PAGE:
FedEx follows lead of UPS, announces 2017 rate increases
Perhaps the most significant change announced by FedEx is that fuel surcharges for FedEx Express and FedEx Ground will be adjusted on a weekly basis instead of the current process in which adjustments are made on a monthly basis with a two-month lag between U.S. government published fuel indexes and the fuel surcharges.
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When one domino falls, another is sure to follow. That could be an apt way of describing recent rate hike announcements by the express delivery and parcel shipping duopoly of UPS and FedEx.
UPS struck first in early September, announcing rate hikes that will take effect in the coming weeks and months, including: UPS U.S. Ground service will increase by an average net 4.9%, effective December 26, 2016; daily rates for UPS U.S. Air and International services will increase an average net 4.9%; UPS Air Freight rates within and between the U.S., Canada and Puerto Rico, will increase an average net 4.9%, also effective December 26, 2016; and UPS Freight announced an average net 4.9% general rate increase effective September 19, 2016. UPS also noted that the additional handling surcharge will apply to any package with the longest side exceeding 48 inches, instead of 60 inches for all Air and International packages, with the additional handling charge increasing by $0.35. And it also said that effective January 8, 2017, the additional handling surcharge will also apply to UPS SurePost packages.
This week, FedEx followed suite and announced its respective rate increases, which will take effect on January 2, 2017, including:
- FedEx Express rates increasing by an average of 3.9% for U.S. domestic, U.S. export, and U.S. import services;
- FedEx Ground and FedEx Home Delivery rates increasing by an average of 4.9%, with FedEx SmartPost rates also changing;
- the FedEx Express and FedEx Ground U.S. domestic dimensional weight advisor will change from 166 to 139;
- FedEx Freight rates will increase by an average of 4.9%; and
- the FedEx Freight extreme length surcharge will change from $88 to $150 and be applied to shipments 12 feet or greater compared to the prior 15 feet
Perhaps the most significant change announced by FedEx is that fuel surcharges for FedEx Express and FedEx Ground will be adjusted on a weekly basis instead of the current process in which adjustments are made on a monthly basis with a two-month lag between U.S. government published fuel indexes and the fuel surcharges. FedEx said that adjusting the weekly fuel surcharges will reduce lag time from two months to two weeks, providing a closer alignment between fuel costs and fuel surcharges at the time of shipment.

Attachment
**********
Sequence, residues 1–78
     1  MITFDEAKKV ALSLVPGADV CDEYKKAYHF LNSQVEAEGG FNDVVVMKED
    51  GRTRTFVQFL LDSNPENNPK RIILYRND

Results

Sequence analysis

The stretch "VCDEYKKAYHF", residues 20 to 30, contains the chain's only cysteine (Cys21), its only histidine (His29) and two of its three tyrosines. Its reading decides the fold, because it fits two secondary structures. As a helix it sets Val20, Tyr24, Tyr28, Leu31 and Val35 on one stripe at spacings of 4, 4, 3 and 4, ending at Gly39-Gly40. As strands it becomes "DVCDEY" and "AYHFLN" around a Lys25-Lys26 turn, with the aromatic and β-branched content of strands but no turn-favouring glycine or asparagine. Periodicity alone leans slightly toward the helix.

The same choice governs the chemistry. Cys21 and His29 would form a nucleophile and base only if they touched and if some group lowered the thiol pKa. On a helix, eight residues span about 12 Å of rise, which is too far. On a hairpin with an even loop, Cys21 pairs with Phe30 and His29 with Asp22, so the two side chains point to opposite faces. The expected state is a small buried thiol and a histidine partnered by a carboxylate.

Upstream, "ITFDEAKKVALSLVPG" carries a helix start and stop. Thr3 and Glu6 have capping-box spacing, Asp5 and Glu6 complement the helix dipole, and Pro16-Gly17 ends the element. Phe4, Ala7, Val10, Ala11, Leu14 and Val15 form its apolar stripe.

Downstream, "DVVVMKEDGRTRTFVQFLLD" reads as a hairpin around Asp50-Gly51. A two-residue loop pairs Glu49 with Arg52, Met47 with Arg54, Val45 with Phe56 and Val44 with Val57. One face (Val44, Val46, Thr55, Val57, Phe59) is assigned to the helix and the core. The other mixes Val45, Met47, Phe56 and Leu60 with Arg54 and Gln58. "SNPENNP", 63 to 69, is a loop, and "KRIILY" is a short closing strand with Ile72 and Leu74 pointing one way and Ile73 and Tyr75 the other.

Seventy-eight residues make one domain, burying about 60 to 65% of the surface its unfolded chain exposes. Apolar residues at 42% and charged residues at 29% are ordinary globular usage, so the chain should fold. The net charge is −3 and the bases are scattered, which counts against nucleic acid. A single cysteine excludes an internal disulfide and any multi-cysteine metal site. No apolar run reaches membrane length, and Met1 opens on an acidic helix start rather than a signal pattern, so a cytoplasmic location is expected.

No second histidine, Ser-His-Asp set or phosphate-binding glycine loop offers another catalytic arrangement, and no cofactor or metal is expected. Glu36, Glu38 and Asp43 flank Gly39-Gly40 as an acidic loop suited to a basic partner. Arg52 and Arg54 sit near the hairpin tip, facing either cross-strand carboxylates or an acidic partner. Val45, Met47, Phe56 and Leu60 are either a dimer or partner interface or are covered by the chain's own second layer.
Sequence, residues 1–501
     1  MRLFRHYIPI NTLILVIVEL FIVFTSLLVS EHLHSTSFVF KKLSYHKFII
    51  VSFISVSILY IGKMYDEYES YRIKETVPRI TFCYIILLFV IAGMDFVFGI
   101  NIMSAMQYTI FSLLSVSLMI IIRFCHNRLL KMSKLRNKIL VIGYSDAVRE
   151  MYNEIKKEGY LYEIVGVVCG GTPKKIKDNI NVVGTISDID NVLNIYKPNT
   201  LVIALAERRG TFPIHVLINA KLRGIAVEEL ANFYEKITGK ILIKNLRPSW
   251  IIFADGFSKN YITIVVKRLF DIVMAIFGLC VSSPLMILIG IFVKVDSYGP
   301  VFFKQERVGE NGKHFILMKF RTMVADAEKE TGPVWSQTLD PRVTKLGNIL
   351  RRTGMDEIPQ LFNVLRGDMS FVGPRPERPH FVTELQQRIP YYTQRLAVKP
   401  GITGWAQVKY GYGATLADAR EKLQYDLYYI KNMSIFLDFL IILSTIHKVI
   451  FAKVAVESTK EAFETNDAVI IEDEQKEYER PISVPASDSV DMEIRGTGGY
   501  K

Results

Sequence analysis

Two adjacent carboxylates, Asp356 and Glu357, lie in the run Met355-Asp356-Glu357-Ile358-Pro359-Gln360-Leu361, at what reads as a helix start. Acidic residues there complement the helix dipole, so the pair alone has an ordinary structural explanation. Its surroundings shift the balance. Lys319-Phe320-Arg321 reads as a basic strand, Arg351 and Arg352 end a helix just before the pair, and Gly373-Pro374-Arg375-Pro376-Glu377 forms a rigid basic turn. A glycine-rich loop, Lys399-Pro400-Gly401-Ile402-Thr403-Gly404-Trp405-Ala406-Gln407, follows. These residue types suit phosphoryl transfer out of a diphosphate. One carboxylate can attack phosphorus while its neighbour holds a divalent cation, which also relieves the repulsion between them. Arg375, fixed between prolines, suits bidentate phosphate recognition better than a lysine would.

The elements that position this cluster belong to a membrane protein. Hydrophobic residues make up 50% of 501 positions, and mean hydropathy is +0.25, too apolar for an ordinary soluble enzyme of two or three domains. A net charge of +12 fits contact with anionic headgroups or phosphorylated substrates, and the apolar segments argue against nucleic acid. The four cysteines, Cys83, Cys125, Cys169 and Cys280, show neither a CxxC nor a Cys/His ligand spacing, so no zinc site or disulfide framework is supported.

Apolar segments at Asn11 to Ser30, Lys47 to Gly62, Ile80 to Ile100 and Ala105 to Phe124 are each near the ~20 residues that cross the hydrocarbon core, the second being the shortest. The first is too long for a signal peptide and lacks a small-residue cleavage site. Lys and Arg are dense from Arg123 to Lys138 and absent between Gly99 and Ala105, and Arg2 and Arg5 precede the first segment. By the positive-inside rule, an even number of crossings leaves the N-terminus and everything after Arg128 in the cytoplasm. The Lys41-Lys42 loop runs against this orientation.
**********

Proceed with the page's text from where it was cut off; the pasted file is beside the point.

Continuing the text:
, president & CEO,, a San Diego-based parcel consultancy, labeled said that the adjustment in the dimensional weight calculation is the most “striking” change rolled out by FedEx.
“Prior to 2011, the dimensional advisor was 194. Today, it is 166, and effective January 2, 2017, it will be reduced to 139, which is the current divisor for International Export and Import shipments,” he said. “The shift for many shippers is cataclysmic. It is paralyzing to many shippers not under custom contract DIMs. ”
Martinez also noted that with this announcement FedEx did not match UPS’s rate increase, with FedEx taking a 3.9% increase on Express and International Export and Import products compared a 4.9% average for UPS, and the FedEx Ground minimum charge at $7.25 compared to UPS’s $7.32, along with the companies set to have totally different published rates for the first time in years.
In addressing the FedEx rate changes, Jerry Hempstead, principal of Hempstead Consulting, explained that the fuel surcharge change will be difficult for shippers to manage and audit, noting that it may serve as a sign that FedEx anticipates fuel rising in the next year, possibly soon after Election Day, and that by going to a weekly adjustment they can capture incremental revenue sooner.
Like Martinez, Hempstead said the change in the dimensional weight advisor is a real pain point for shippers.
“First shipments that are presently charged dimensional weight for a transaction will be charged more,” he said. “And now a lot of shipments that were not previously charged dimensional weight based on the 166 divisor will now ‘enjoy’ being charged for a greater dimensional weight if the dim weight is greater than the actual. There appears to be no end to the creative ways the carriers employ to increase revenue. The cost to ship a package will have gone up on average more than 25% in the last four years between the tariff increase, the accessorial increases and the rule changes. Can you think of the cost of anything else that has gone up that much, and in the face of declining fuel prices? But when the marketplace has to procure from a duopoly this happens, much to the pressure on shippers’ bottom lines.”
About the AuthorJeff Berman, Group News Editor Jeff Berman is Group News Editor for Logistics Management, Modern Materials Handling, and Supply Chain Management Review. Jeff works and lives in Cape Elizabeth, Maine, where he covers all aspects of the supply chain, logistics, freight transportation, and materials handling sectors on a daily basis. Contact Jeff Berman
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